Chest radiographs of cardiac resynchronization therapy with defibrillator (CRT-D) in an individual with dilated cardiomyopathy after mitral valve replacement (MVR).

CRT requires the placement of an electrical device for biventricular pacing, along with placement of (at least) two pacing leads, to facilitate stable left ventricular and right ventricular pacing. For all elements, the first stage of the process is local anaesthetic followed by incision to allow for approach from the appropriate vein. From here, the leads and device can be inserted [5].


An artificial cardiac pacemaker (or artificial pacemaker, so as not to be confused with the natural cardiac pacemaker) or just pacemaker is a medical device that generates electrical impulses delivered by electrodes to the chambers of the heart either the upper atria, or lower ventricles to cause the targeted chambers to contract and pump blood. By doing so, the pacemaker regulates the function of the electrical conduction system of the heart. The primary purpose of a pacemaker is to maintain an adequate heart rate, either because the heart's natural pacemaker is not fast enough, or because there is a block in the heart's electrical conduction system. Modern pacemakers are externally programmable and allow a cardiologist, particularly a cardiac electro physiologist, to select the optimal pacing modes for individual patients. Most pacemakers are on demand, in which the stimulation of the heart is based on the dynamic demand of the circulatory system. Others send out a fixed rate of impulses [6].

A specific type of pacemaker called an implantable cardioverterdefibrillator combines pacemaker and defibrillator functions in a single implantable device. Others, called biventricular pacemakers, have multiple electrodes stimulating different positions within the ventricles (the lower heart chambers) to improve their synchronization [7, 8].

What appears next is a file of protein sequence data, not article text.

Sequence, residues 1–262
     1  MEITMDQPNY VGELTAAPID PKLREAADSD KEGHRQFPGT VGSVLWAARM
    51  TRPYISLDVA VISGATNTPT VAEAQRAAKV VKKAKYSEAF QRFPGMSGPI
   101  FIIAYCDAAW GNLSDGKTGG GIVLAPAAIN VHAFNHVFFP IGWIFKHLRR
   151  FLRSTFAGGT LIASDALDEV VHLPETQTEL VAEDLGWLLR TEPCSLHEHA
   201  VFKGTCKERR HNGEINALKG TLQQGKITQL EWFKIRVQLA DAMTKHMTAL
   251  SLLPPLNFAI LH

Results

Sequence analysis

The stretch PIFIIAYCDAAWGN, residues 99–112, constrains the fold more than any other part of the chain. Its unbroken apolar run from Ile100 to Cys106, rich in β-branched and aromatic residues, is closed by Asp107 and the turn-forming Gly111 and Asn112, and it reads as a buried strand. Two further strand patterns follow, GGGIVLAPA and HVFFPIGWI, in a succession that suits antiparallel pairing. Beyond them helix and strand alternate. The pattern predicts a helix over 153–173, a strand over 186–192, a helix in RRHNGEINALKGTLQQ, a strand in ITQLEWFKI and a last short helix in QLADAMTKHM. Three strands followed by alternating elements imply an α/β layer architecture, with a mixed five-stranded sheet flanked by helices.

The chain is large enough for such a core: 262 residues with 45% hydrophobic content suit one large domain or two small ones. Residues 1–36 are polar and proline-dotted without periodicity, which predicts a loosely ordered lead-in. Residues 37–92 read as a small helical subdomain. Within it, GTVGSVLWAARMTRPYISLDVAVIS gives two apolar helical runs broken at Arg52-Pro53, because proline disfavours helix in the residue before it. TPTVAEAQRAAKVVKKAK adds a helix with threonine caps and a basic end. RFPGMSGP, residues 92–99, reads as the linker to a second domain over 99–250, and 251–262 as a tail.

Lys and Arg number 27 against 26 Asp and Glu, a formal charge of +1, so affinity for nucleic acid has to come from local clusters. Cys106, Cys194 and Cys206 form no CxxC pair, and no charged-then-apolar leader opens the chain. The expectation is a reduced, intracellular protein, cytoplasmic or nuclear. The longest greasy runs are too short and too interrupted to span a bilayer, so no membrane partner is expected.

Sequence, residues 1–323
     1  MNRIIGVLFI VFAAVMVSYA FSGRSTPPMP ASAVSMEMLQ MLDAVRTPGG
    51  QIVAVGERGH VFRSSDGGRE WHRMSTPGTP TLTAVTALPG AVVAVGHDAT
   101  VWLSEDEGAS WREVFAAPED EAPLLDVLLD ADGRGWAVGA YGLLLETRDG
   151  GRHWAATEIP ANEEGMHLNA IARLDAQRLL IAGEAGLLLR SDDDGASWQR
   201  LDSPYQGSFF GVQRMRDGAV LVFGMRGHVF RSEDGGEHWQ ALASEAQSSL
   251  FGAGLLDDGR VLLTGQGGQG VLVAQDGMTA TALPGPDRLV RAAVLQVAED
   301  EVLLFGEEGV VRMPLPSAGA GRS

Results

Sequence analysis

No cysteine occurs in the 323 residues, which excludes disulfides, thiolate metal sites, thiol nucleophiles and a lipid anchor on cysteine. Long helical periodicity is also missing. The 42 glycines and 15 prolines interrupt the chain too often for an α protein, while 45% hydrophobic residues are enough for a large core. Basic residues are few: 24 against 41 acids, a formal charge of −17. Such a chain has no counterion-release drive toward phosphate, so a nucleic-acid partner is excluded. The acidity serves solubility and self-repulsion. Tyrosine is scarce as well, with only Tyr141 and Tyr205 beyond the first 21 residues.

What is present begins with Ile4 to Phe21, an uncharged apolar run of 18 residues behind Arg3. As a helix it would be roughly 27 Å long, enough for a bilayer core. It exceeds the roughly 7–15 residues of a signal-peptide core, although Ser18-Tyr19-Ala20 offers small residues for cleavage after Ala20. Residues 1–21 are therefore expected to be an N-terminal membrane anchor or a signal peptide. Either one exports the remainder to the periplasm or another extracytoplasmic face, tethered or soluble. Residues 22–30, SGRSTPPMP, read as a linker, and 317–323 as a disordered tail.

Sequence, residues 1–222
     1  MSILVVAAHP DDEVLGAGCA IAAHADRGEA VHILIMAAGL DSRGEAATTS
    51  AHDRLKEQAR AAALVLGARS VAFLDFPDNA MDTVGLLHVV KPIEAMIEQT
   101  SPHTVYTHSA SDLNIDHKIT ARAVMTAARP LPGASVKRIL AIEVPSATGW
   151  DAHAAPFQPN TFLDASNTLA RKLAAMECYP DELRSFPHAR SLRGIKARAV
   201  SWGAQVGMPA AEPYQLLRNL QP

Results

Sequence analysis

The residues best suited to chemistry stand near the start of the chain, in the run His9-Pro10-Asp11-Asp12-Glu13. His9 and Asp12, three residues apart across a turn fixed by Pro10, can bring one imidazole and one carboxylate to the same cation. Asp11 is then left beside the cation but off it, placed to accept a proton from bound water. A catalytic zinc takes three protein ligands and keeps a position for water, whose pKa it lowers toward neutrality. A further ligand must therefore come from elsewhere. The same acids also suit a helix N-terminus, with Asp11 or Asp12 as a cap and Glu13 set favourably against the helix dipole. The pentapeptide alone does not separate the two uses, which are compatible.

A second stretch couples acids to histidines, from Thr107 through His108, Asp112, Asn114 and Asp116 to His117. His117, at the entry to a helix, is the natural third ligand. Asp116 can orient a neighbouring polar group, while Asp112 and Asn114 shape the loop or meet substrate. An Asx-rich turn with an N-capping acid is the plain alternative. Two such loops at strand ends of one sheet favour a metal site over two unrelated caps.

Many abnormal heart rhythms can be treated with a pacemaker. A pacemaker generates electric pulses that regulate heartbeats. Thanks to advances in technology, pacemakers are very light and can adapt to your body needs, moment by moment, beating faster during exercise and slowing down at rest. The procedure to insert a pacemaker is fairly simple and safe. Complications are rare, but knowing about them may help you to detect them early if they happen [9]. After the procedure, you can go back to your regular activities after a short period of healing time. Permanent pacemaker implantation was required in 9.7% of patients undergoing repeat cardiac surgery. This represented approximately a fourfold increase compared with similar primary operations reported in other series. Factors strongly related to this need included valve replacement, preoperative endocarditis, number of reoperations, advanced age, and degree of hypothermia during cardiopulmonary bypass. The need for a permanent pacemaker after reoperations did not result in significant long-term impairment of functional status or longevity compared with those who did not require a permanent pacemaker [10].



Conflict of Interest



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Citation: Ahmad R (2022) Pacemaker Surgery and Methods. J Uni Sur, Vol.10 No. 5: 45.